This exclusion is only to be available if the CFC deriving the income is a member of a CFC group throughout the relevant statutory period (ie. not just at the time the inter-company transactions occur). The term CFC group is defined to mean entities that at a relevant time are CFCs of a single attributable taxpayer and controlled by that attributable taxpayer and not controlled by any other attributable taxpayer.
Thus, a CFC group does not require 100% shareholding; rather it will fall to be determined by accounting concepts (as discussed above).
Active business income exclusion
The new provisions recognise that certain types of income can be passive for some taxpayers but not for others. For example, interest income will often be passive but will be active for financial institutions. Accordingly the following income is to be excluded from attribution:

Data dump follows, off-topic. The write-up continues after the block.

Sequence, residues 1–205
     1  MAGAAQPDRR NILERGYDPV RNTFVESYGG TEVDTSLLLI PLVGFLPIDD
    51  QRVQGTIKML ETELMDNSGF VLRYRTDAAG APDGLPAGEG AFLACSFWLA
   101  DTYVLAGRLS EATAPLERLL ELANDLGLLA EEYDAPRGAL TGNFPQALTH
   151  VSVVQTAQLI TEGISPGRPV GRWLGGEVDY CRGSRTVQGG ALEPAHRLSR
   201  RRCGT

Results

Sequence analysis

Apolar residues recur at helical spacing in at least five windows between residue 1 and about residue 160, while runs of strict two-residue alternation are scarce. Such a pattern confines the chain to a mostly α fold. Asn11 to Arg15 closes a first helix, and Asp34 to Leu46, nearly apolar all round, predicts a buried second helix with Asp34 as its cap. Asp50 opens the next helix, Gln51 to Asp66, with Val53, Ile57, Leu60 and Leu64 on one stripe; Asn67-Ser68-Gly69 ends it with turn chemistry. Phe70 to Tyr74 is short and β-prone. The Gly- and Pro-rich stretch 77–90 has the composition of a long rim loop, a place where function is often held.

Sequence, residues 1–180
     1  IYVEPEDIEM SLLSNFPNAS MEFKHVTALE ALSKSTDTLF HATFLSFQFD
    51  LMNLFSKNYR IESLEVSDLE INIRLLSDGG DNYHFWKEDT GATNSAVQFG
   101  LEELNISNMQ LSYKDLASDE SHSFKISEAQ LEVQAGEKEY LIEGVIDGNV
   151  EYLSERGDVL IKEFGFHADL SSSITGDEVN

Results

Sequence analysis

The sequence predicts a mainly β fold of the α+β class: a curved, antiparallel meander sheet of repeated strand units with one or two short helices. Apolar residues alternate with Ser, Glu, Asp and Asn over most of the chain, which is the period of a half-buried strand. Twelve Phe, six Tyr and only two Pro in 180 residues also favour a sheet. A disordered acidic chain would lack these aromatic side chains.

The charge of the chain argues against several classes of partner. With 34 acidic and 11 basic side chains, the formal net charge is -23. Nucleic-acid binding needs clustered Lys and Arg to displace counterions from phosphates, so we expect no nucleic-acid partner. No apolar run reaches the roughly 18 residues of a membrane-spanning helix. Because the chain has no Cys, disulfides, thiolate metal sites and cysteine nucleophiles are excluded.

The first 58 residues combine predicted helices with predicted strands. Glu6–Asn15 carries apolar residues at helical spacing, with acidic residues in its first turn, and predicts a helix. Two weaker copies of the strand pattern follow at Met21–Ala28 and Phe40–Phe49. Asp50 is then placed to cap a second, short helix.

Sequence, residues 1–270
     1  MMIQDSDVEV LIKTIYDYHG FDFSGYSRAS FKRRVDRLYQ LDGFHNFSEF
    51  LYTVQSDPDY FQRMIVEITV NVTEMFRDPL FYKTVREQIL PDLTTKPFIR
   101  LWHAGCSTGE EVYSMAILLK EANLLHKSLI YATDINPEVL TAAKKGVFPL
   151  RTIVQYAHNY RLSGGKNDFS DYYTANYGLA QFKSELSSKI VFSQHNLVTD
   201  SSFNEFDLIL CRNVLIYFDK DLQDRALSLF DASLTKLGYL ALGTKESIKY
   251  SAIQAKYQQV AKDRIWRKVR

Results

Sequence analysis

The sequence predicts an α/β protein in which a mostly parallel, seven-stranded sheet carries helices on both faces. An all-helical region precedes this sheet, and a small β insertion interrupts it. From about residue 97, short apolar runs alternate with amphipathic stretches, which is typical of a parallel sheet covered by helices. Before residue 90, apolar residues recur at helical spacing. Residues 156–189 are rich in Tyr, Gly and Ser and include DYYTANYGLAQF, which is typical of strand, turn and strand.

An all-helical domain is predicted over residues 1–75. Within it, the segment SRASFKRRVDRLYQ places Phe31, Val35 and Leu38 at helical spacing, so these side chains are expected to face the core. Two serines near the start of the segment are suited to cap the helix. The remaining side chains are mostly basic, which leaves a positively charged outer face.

- income that is attributable and has a substantial connection to a permanent establishment of the CFC (whether in Australia or in another country);
- arises from the CFC competing in a market; and
- arises substantially from the CFC's ongoing use of labour
provided that the source of the income, the market and the labour has a substantial connection with the country in which the permanent establishment is located.
The drafting in these provisions probably opens the greatest scope for future disputes as taxpayers grapple with what is meant by terms such as "competing in a market", "ongoing use of labour" and "substantial connection. It seems that this potential uncertainty has been recognised – hence the introduction of more targeted "bright line" concessions as described below.